The term Public Forest Estate (PFE) suggests the estate is owned by the public, us – all of us.
And we, the public, don’t own the land either. But we already know this, the 84% of us who, in a recent YouGov poll, voted overwhelmingly for the PFE to remain in public hands.
We know we hold it in trust for future generations.
This reason alone should be enough to maintain public land in public hands in perpetuity. But it seems, in our modern commercial world with a soaring deficit (and Big Society government) we must base our arguments on economic reasons.
The Forestry Commission (FC) costs the taxpayer about £76 million each year and generates income of about £61 million. Actual costs work out to around £15 million, or 30p per person per year. Not a vast sum of money considering the size of the PFE and the scale of the work of the FC. A sale would mean this income is lost and the planned 25% cuts to the FC’s budget could also see job losses throughout the country, including up to 450 at the FC UK headquarters and Forest Research sites in Scotland.
How much would the Government raise to help pay the trillions of pounds of deficit?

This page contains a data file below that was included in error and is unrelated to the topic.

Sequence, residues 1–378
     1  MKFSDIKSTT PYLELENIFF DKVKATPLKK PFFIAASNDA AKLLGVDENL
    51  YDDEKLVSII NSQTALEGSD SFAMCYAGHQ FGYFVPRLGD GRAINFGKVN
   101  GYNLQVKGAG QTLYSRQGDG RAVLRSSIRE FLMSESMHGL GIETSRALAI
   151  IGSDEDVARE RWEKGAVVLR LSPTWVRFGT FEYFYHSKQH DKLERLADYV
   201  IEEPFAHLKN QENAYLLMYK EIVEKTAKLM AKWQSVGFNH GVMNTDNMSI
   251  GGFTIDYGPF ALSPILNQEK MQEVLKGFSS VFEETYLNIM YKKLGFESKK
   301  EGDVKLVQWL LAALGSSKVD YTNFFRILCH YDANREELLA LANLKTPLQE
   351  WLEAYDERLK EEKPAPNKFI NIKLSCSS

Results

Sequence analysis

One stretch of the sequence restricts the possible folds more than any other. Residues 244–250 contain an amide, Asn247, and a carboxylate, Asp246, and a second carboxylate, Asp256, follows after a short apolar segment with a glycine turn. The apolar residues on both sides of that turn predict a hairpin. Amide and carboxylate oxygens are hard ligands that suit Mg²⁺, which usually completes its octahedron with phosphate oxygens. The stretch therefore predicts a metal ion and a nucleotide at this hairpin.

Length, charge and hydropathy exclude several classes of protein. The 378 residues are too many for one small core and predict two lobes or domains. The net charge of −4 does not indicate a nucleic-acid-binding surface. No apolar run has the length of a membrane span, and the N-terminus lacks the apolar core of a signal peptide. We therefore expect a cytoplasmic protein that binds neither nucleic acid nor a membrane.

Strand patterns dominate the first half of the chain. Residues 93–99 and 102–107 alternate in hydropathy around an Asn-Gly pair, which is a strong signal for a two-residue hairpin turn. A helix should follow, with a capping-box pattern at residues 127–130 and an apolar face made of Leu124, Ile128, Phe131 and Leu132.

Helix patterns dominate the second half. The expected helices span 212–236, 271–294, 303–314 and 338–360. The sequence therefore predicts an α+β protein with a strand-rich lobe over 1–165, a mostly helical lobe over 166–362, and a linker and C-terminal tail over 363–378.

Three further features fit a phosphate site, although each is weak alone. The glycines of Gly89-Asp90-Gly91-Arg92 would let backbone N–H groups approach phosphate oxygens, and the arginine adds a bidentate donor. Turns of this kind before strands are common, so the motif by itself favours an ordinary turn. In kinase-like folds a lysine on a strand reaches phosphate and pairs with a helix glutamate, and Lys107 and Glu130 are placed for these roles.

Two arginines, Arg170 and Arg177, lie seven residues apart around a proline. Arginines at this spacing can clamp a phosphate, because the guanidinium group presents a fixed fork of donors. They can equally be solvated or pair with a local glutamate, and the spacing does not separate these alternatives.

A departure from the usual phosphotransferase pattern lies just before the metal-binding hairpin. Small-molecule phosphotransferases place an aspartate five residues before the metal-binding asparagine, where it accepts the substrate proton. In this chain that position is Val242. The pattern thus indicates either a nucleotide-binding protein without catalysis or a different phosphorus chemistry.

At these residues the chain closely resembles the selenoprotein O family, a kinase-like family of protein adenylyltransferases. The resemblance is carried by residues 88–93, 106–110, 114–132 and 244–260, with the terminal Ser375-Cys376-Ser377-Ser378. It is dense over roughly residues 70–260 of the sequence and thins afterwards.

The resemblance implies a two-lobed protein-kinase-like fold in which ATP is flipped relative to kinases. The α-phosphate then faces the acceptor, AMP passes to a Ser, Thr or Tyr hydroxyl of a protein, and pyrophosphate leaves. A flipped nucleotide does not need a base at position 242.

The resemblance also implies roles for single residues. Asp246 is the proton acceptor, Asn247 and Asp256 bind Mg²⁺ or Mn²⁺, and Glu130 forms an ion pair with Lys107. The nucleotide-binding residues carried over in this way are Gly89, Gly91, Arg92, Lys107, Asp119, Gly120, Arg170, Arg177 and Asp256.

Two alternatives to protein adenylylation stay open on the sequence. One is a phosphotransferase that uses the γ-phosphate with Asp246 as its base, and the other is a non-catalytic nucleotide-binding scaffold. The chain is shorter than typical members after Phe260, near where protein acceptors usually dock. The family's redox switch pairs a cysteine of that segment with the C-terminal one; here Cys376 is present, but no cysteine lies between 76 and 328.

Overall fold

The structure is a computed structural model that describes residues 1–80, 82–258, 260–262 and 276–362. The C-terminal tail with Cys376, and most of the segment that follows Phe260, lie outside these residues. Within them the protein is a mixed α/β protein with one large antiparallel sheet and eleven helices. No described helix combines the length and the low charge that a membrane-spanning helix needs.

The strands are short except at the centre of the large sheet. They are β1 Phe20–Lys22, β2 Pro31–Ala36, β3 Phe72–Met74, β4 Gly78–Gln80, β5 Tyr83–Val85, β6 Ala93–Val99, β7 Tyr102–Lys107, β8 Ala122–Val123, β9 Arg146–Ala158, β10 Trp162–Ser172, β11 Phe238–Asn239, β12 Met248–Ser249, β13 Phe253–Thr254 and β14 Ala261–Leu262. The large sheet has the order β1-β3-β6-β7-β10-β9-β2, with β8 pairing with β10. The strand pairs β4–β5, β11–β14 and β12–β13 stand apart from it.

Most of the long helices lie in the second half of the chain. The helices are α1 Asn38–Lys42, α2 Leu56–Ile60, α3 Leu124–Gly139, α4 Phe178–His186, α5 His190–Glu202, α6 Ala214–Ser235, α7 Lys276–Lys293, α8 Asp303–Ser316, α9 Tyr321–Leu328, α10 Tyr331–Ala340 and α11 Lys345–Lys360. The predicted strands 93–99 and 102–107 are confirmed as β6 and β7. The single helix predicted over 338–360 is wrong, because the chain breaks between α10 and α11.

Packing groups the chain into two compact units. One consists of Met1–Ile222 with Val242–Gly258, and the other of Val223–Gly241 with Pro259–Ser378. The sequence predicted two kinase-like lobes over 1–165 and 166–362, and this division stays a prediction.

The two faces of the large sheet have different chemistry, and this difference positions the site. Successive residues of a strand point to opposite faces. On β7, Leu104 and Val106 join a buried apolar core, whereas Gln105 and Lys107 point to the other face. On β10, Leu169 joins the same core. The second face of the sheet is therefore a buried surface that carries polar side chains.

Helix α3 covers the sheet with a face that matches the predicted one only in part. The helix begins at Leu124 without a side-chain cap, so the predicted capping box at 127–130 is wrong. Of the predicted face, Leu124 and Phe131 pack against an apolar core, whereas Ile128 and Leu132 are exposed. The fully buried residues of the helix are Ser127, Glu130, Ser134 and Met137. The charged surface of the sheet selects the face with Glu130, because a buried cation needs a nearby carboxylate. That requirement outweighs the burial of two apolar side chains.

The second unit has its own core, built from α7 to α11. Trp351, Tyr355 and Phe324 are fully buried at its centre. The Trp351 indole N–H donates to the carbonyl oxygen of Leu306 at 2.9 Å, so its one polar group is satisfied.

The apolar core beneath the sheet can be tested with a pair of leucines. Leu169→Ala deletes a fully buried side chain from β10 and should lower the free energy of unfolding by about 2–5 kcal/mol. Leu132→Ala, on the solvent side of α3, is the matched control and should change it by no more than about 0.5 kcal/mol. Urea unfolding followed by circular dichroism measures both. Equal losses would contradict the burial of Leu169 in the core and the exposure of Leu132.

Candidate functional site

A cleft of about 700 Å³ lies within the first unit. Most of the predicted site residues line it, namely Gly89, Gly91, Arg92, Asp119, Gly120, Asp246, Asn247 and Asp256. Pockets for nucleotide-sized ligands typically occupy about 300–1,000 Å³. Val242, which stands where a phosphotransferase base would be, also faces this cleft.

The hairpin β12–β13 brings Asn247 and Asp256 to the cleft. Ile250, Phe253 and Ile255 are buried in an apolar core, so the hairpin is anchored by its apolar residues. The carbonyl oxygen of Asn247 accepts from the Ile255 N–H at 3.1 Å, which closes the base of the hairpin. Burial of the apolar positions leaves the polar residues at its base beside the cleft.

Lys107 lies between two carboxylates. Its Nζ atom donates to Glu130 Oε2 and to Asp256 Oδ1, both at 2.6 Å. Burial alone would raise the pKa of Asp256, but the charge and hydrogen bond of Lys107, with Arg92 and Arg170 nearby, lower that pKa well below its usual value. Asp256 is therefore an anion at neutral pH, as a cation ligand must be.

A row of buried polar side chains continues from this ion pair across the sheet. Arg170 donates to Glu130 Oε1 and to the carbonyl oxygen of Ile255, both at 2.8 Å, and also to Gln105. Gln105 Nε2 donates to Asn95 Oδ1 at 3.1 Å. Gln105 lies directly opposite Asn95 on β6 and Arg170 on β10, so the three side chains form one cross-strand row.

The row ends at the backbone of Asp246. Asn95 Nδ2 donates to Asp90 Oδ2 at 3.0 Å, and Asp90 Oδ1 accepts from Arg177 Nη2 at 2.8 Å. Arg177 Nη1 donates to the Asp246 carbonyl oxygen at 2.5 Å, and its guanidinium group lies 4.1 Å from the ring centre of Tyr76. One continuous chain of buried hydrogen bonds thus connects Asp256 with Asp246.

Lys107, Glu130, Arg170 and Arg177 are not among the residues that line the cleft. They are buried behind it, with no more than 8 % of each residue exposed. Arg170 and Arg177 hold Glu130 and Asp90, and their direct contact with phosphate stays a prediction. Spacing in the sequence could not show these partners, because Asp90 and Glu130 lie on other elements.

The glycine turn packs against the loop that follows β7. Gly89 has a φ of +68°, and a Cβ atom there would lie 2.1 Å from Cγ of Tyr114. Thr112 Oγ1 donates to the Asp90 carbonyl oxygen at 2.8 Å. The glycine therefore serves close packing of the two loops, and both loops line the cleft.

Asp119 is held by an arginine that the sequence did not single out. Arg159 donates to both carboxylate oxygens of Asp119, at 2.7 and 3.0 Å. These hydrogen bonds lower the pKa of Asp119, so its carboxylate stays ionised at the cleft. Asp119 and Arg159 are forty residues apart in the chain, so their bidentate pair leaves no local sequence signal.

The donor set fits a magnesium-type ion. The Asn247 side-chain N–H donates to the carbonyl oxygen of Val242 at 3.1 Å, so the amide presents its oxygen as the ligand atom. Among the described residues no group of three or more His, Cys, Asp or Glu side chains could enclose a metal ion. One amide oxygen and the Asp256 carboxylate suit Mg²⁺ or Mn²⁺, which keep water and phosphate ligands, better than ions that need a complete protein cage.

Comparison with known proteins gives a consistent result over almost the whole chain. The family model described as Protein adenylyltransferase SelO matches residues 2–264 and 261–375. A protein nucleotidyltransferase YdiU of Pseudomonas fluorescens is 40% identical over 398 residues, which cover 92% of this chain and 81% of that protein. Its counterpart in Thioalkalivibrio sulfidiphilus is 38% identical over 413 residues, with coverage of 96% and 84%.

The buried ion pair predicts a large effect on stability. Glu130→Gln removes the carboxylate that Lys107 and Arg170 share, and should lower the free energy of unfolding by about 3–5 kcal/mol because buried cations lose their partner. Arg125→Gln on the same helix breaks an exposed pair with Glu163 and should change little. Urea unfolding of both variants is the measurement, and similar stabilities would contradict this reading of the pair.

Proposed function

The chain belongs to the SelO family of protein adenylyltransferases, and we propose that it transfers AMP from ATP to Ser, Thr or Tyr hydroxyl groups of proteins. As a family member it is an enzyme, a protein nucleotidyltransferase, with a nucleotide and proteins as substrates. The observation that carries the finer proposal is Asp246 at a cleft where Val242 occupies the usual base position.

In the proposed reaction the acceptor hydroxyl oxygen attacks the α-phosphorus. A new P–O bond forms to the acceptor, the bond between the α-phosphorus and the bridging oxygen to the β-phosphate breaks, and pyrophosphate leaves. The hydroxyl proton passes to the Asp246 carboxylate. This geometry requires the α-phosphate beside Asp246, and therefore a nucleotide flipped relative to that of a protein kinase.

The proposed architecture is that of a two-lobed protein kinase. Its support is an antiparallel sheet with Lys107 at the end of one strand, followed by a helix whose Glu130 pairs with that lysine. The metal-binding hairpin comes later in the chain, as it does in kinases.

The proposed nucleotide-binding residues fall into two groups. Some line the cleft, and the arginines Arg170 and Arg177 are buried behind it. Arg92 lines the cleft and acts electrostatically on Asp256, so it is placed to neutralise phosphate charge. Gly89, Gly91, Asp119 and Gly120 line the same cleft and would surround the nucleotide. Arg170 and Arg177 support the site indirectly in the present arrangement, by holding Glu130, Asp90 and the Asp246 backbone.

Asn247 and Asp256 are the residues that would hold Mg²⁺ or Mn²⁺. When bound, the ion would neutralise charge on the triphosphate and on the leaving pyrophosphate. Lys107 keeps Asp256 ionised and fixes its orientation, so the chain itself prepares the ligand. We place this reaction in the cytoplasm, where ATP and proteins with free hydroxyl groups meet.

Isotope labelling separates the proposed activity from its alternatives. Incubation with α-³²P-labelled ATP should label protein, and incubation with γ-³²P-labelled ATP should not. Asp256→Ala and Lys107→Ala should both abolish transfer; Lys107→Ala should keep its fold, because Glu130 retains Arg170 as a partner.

About £700 million. But they think they can get more:
The total estate was valued at £700 million in 2009-10, but that does not necessarily reflect the true market value. [note]
And the way to get more is parcel it up and sell it off in smaller chunks. But, as Private Eye have already pointed out, this makes no economic sense:
When it recently flogged an area of woodland for £60,000, for example, the new landowner immediately applied for funds under the English Woodland Grant Scheme to grow and cut timber and was given assistance totalling £55,000.
The private landowner will also be able to come back and ask for more grants in future – as well as bidding for other environmental stewardship and rural development subsidies available to forest owners – while the government can only sell the land once.
And the economic argument for the sale of the PFE comes tumbling down. A windfall now followed by payouts to new landowners later.
As the economic argument for a PFE sale stands it’s befuddled to say the least. And if it makes the government any happier, I’ll double my contribution to the upkeep of the PFE to 60p/year. And I’ll be willing to bet that 84% of England’s public would follow suit.